Mr. Shangkong

Overseas study offers young education on foreign policy

Sending students to schools abroad is just as vitally important to mainland China's interests as attracting more talents from the US

PUBLISHED : Monday, 24 March, 2014, 4:45am
UPDATED : Monday, 24 March, 2014, 7:49am

US first lady Michelle Obama is absolutely right about the importance of overseas education, and that is exactly what the sons and daughters of many former and current mainland leaders have already experienced or are eager to experience.

Obama just forgot to mention that in her speech at Peking University.

Speaking at the prestigious institution on Saturday, Obama said overseas education would allow students from the United States and China to gain a better understanding of the host country and could help convince them that the success of each country was linked with that of the other.

She cited examples of ordinary Americans and Chinese who went to the other country on scholarships for studies and research.

A day after her speech, the China Daily ran a report, citing Obama, headlined: "Studying abroad remains vital ingredient of US foreign policy".

It can be argued that studying abroad is also vitally important to China's interests, which I strongly believe to be the case.

Education becomes a means of learning much more ... when one studies in another land

The US is, of course, a popular destination for overseas education by "princelings" - the sons, daughters, grandsons and granddaughters - of senior Chinese officials.

Former premier Wen Jiabao's son, Winston Wen Yunsong, received his master's degree from Northwestern University in Chicago.

Former president Jiang Zemin's grandson Jiang Zhicheng studied at Harvard University for his bachelor's degree. The list goes on.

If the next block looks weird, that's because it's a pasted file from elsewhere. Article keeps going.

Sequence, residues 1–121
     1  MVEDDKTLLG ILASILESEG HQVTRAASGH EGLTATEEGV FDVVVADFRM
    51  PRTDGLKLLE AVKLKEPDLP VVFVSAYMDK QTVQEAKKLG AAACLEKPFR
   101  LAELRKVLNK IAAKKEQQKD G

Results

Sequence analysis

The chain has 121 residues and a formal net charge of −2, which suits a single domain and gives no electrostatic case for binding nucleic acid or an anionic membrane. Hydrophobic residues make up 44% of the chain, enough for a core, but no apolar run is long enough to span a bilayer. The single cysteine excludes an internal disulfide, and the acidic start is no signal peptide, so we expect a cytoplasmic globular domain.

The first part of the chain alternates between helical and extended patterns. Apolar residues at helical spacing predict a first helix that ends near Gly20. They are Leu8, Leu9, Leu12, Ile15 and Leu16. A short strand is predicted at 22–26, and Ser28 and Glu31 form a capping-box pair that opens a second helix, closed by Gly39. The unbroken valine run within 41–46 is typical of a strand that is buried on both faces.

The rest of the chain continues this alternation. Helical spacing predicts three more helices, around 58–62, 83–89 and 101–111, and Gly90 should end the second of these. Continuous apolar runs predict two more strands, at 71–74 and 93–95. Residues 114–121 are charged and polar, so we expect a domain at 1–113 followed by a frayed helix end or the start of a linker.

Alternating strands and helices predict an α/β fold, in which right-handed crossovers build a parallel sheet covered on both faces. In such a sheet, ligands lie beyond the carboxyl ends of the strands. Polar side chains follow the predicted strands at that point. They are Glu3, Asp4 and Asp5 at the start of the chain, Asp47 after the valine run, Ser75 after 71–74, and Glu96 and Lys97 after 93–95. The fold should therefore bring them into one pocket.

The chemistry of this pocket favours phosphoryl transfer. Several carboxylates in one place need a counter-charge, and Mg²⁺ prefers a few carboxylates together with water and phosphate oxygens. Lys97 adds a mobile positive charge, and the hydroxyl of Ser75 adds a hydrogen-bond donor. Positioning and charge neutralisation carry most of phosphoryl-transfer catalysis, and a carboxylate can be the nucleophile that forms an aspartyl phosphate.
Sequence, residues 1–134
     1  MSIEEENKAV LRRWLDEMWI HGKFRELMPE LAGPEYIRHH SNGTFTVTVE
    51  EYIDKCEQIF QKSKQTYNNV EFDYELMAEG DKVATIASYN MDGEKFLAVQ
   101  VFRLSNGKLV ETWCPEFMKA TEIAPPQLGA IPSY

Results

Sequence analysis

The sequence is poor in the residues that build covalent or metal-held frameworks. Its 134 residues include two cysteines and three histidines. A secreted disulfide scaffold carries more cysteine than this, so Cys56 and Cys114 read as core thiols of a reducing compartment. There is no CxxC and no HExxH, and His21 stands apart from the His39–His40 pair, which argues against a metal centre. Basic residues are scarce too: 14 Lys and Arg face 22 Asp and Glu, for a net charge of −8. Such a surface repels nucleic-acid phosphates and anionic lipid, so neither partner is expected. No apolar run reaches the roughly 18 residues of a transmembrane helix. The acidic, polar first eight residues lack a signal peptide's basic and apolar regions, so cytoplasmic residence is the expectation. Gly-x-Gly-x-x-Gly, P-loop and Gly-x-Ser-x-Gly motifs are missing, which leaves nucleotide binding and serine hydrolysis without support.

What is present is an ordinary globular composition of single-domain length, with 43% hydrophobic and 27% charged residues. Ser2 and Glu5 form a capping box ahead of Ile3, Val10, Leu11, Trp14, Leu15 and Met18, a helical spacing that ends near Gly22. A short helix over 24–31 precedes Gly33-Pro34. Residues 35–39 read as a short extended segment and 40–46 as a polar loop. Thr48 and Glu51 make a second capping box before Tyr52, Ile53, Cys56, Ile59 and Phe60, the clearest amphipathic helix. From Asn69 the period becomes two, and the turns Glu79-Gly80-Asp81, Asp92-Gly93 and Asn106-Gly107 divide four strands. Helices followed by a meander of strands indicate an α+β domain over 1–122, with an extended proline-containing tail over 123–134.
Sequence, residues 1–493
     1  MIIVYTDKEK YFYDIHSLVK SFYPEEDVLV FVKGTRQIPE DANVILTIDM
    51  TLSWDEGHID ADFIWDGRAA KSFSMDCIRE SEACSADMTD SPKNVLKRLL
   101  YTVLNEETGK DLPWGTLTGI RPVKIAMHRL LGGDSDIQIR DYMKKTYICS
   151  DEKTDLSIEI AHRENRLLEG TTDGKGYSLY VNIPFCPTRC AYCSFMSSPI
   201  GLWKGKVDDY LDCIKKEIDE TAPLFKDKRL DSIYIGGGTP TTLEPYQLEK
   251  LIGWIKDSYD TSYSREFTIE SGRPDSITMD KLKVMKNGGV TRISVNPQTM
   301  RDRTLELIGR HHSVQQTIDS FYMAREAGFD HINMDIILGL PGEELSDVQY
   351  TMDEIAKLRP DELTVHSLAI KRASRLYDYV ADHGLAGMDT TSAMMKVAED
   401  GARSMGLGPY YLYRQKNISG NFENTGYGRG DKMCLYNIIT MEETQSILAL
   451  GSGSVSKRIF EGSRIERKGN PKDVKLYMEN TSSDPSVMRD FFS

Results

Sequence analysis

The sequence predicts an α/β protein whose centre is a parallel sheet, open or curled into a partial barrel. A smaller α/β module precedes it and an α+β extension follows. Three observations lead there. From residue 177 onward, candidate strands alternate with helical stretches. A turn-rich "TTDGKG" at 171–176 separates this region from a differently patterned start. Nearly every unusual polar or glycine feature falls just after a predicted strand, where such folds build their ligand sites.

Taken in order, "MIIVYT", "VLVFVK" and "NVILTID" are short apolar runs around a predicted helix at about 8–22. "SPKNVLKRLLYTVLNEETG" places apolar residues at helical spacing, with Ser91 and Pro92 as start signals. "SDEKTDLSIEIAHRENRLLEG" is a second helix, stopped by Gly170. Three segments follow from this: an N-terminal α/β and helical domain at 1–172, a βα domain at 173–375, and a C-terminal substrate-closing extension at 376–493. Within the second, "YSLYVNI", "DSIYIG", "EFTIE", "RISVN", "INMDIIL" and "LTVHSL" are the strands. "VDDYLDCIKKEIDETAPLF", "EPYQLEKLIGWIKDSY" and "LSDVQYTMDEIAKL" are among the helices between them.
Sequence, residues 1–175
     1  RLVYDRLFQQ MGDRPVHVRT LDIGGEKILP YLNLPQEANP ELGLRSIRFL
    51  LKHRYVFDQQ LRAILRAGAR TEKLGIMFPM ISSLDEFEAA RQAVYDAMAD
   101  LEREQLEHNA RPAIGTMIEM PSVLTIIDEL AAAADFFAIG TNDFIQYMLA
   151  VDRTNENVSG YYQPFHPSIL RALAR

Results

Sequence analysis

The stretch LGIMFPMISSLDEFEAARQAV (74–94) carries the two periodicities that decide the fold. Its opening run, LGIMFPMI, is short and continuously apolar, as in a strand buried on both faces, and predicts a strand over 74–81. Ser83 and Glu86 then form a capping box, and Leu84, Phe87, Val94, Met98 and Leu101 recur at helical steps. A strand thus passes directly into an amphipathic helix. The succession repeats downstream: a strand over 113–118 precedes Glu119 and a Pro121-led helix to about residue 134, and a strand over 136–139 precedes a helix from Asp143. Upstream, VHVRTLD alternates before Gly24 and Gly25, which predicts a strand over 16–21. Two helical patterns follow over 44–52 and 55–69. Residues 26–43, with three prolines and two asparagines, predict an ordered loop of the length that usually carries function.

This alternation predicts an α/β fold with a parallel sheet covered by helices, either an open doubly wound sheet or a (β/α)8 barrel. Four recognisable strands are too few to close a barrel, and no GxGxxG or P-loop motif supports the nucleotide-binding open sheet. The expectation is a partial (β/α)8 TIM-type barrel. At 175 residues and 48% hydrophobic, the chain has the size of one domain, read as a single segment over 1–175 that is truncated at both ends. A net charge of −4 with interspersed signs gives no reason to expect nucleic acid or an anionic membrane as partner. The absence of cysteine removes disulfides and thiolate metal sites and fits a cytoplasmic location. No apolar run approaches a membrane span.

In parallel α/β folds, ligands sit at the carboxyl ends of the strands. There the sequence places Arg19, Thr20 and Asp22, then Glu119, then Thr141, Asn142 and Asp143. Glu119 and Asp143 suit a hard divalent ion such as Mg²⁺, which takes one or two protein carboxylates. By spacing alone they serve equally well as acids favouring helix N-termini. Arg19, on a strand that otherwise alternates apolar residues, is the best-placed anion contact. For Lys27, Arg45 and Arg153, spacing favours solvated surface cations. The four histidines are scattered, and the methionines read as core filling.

If the top leaders had such confidence in the US educational system, that is a convincing endorsement indeed.

Apart from sending its citizens abroad to study, the US may well have an interest in attracting international students, including talented young Chinese, as part of its foreign policy. I am sure China would also encourage more US students with an interest in Chinese history and culture to study in the country.

Education becomes a means of learning much more than the subject matter of textbooks when one studies in another land.

When President Xi Jinping's daughter, who is believed to be studying at Harvard, goes home to visit her parents, of course she will tell them what she saw, felt and understood about the US.

Maybe it is not too far-fetched to think that this kind of family table talk might have some impact on China's foreign policy towards the US.

The president of Peking University told Obama during her visit to one of the oldest and most influential academic institutions on the mainland that the university would be happy to enrol her two daughters if they were interested in studying in China.

In the old days, when China was ruled by chairman Mao Zedong, Chinese officials often sent their children to Russia to study.

Now the US is definitely the first choice. So, from the personal perspective of today's Chinese leaders, if merely in their role as parents, which country is more strategically important to China in the long run? Russia or America?

You know the answer.


George Chen is the Post's financial services editor. Mr. Shangkong appears every Monday in print and online. Follow @george_chen on Twitter or visit